When an infant reacts to the entry and exit of an adult presence, they may feel a sense of loss and longing or maybe pandemonium and disharmony, for instance, when a mother leaves her child. How is this presence of power generated when the actor is missing? How do our institutional systems in religion or the public sphere exert in the absence of physical authority? Is not the pulpit at once the same device as the podium? In the Western Christian tradition, clerical objects and tools make available and amplify the holy spirit—drink from a cup, sit on the prayer bench, kneel before the pew. The way these objects dictate access to divinity reiterates and interprets the invisible and abstract force of power itself. Who is at the mercy of the rhythm of control; is it in our eyes our ears or our bodies? When we understand what radiates from within, even an obsession, one can sit and find the soul and then look from the perspective of collectively or oneness. The works reveal power's mutability in separation —here the priest is missing—the viewer sits and waits how much longer until salvation?
Marlborough is pleased to announce the two-person exhibition Shall we sit, stand or kneel?, featuring New York artist Hannah Levy and British artist Michael Simpson, curated by Wills Baker. Although from different backgrounds and generations, Levy and Simpson each unravel a dark comedy of humanistic confinement in the objects and ergonomics of the cleric.
Michael Simpson's paintings of leper squints, titled after the small holes in medieval churches (built to allow sufferers of leprosy and other "undesirables" to listen to a sermon without sitting amongst the congregation) point to the authoritarian devices employed by the institution. While Simpson's paintings directly address the infamy of religious history, he utilizes seemingly flattened compositions which, upon close inspection, reveal an inner surface that works both in pigment and formal line to yield a dynamic and sophisticated display of the act of painting itself.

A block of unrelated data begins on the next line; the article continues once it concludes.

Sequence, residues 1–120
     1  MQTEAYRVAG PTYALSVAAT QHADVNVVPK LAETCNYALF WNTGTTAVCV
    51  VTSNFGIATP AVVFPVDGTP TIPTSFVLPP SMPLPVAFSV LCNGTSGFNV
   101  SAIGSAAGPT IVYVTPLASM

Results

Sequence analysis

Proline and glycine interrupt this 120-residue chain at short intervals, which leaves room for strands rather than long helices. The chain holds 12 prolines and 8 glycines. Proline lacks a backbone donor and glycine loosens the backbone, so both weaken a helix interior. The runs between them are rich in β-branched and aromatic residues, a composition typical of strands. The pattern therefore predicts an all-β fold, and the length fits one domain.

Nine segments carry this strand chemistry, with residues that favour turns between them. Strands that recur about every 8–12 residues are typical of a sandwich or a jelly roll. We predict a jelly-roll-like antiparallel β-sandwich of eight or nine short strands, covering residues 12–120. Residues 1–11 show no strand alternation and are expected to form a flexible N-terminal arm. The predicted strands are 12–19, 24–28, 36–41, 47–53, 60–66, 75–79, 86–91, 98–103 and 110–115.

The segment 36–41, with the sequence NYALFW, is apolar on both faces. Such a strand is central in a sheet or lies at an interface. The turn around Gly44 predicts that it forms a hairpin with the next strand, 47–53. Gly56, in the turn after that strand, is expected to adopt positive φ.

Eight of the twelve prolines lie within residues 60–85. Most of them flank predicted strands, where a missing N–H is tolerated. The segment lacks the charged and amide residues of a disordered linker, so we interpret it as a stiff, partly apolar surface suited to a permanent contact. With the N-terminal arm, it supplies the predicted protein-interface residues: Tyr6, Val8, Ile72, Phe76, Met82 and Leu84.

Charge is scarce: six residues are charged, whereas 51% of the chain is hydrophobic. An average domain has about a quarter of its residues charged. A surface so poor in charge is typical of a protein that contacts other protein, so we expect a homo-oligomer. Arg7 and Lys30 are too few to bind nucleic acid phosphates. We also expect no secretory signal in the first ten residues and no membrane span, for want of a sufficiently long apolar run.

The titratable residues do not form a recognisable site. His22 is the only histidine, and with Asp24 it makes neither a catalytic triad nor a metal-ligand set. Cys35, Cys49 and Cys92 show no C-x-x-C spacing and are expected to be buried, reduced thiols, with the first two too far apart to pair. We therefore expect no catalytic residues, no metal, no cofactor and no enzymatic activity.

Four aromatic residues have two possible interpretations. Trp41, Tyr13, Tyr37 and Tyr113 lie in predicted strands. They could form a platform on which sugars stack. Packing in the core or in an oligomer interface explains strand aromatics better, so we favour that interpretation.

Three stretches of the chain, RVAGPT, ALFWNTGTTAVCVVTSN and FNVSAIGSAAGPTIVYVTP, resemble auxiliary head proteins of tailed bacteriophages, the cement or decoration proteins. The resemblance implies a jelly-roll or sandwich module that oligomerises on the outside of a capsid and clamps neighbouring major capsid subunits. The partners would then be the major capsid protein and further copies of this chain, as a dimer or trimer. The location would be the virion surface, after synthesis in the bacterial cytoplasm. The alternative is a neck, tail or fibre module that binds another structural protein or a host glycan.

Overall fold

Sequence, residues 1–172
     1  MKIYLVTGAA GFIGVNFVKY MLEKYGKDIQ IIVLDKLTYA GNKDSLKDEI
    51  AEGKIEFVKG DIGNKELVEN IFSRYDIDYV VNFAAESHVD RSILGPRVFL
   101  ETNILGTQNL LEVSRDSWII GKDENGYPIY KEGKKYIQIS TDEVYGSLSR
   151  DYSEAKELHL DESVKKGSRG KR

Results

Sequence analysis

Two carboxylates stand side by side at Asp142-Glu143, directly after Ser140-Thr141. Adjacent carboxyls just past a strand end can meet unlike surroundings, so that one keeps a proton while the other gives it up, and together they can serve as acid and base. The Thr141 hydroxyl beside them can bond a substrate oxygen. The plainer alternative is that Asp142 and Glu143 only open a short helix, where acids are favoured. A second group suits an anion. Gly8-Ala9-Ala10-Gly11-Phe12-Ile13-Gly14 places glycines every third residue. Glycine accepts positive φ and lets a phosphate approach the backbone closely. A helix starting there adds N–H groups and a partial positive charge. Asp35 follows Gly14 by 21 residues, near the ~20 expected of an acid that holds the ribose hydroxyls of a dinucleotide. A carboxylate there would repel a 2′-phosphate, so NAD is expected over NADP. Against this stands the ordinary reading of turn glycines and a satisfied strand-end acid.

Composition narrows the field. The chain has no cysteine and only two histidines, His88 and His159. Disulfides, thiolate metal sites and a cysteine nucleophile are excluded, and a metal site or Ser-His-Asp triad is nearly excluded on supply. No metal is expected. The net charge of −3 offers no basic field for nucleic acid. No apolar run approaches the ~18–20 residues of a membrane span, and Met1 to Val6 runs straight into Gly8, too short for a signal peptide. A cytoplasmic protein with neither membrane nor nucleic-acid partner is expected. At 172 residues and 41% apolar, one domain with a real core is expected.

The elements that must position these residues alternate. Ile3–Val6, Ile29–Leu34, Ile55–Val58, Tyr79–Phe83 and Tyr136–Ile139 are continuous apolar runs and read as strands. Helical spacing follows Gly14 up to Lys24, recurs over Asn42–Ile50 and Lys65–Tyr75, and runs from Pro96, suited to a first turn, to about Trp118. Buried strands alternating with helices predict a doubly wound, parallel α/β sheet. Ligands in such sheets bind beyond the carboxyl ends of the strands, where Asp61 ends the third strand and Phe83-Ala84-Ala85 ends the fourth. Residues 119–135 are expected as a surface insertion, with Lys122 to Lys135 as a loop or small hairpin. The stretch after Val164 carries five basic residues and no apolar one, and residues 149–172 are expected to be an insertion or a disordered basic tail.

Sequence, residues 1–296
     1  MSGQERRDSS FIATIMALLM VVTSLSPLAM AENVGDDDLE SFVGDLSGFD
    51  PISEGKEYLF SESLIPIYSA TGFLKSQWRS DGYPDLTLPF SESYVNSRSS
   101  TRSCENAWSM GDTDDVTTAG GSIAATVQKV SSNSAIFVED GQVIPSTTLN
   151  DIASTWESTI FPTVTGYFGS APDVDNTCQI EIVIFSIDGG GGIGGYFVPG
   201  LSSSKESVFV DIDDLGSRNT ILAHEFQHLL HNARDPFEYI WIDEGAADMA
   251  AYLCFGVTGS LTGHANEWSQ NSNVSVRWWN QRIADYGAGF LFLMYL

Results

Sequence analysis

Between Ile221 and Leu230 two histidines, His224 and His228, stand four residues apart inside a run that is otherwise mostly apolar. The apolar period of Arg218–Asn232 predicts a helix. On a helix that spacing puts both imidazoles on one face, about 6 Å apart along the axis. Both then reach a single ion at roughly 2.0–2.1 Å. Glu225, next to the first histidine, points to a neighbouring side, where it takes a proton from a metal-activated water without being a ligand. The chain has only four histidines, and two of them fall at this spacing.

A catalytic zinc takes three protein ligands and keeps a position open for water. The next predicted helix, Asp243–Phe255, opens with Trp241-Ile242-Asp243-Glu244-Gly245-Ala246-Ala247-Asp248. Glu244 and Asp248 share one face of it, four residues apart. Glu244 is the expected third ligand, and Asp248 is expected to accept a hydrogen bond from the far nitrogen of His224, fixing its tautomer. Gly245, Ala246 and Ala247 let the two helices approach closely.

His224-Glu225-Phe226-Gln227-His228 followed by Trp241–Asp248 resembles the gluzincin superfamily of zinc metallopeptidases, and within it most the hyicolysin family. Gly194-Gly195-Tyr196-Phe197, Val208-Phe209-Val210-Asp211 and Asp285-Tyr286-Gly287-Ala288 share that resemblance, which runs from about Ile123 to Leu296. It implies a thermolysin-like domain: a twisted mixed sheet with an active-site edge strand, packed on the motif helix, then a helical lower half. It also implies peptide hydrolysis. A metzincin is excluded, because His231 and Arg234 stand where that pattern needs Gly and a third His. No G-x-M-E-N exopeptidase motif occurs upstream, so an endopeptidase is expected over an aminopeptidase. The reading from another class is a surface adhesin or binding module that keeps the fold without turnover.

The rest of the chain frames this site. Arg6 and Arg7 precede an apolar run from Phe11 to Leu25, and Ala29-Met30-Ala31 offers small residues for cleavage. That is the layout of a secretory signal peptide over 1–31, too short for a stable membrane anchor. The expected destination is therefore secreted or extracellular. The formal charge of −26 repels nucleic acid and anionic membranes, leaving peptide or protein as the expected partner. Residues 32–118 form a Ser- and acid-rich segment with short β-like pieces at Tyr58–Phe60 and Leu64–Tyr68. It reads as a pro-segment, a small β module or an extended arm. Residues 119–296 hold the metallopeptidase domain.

Hannah Levy's sculptures use flesh-colored cast silicone and wrought nickel-plated steel to mimic the erotic and industrial. Her bench constructions twist the synthetic into bindings of the metal grid. This vision-like engineering reflects a physicality while providing a ubiquitous domestic form with a new agency where a relationship to figuration, death, and debased flesh is emphasized.
In sharing an architectural language with Simpson, Levy's benches complement his paintings, humanizing and alerting the viewer to their corporeality—something often dismissed or repressed by the instruments of the institution. Moving between abstraction and representation, the artists situate their work in a limbo where links between the spiritual and everyday world are broken down. By transforming and recalibrating—through secularization or sheer perversion—objects with embedded power, meant to elicit obedience or faith, become undermined.